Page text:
Ship of Lost Men (Das Shiff der Verlorene Menschen)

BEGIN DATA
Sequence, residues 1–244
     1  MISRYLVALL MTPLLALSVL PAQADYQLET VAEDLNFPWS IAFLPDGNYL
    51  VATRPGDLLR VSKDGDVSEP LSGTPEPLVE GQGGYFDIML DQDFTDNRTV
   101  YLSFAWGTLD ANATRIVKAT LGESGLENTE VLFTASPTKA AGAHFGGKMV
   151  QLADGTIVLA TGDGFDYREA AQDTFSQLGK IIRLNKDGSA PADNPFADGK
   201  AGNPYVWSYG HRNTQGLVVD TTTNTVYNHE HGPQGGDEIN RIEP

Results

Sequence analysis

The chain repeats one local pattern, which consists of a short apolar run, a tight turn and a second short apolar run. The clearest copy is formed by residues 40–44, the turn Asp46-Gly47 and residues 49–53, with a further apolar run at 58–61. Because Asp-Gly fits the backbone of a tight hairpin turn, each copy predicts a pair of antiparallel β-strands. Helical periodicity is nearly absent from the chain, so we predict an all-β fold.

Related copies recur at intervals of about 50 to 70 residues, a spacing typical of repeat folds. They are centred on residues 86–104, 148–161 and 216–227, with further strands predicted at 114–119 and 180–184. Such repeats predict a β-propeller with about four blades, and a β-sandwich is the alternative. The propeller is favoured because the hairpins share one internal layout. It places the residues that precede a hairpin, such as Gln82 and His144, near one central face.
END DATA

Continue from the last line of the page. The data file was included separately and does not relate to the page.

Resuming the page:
“Although unsubtitled, this rich melodrama has few subtleties, and is very easy to follow. Escaped criminal Gaston Modot, doctor Robin Irvine, and American aviatrix/heiress Dietrich (in German melodramas, all American girls were heiresses and usually very adventurous!) wind up (through accident, design or shanghai-kidnap) on the hellship of Fritz Kortner. A mutiny is planned and carried out, and help summoned. That's about all the plot there is, and all one loses through the titles are the occasional motivations. It was one of the last German silents, made when sound was already a fait-accompli, and thus quickly lost in the shuffle. Like all of Tourneur's work, it is of remarkable pictorial quality. Some incredible stylised street sets are there for only a moment or two, and the huge ocean liner, with its spacious ballroom, is an art-director's (and ocean-traveller's!) dream. Composition and lighting throughout stress Tourneur's painter-like quality, although alas this print does not do him justice. Copied from a beautiful 35mm original, it has lost a good deal of luminosity and lustre due to second-rate U.S. lab work. However, the beauty can be sensed if not always fully seen, and even in this rather soft print, it is still impressive. For a rugged melodrama, its pace is a bit sluggish, but it does erupt into violent action every so often. The cast is a typical international one of the period (Gaston Modot is perhaps best remembered from the silent Miracle of the Wolves and Renoir's sound La Grande Illusion) with Robin Irvine (from Hitchcock's Easy Virtue) in for the British market. Considering how plump she seemed in her very next picture, The Blue Angel, Dietrich is surprisingly svelte and attractive (she denies ever having made the film, incidentally!) and it's interesting to see Tourneur handling her as though she had already established a screen mystique, cagily withholding her introductory closeup for as long as he can, and staging her entrance much as Sternberg was to later stage many a Dietrich entrance.”

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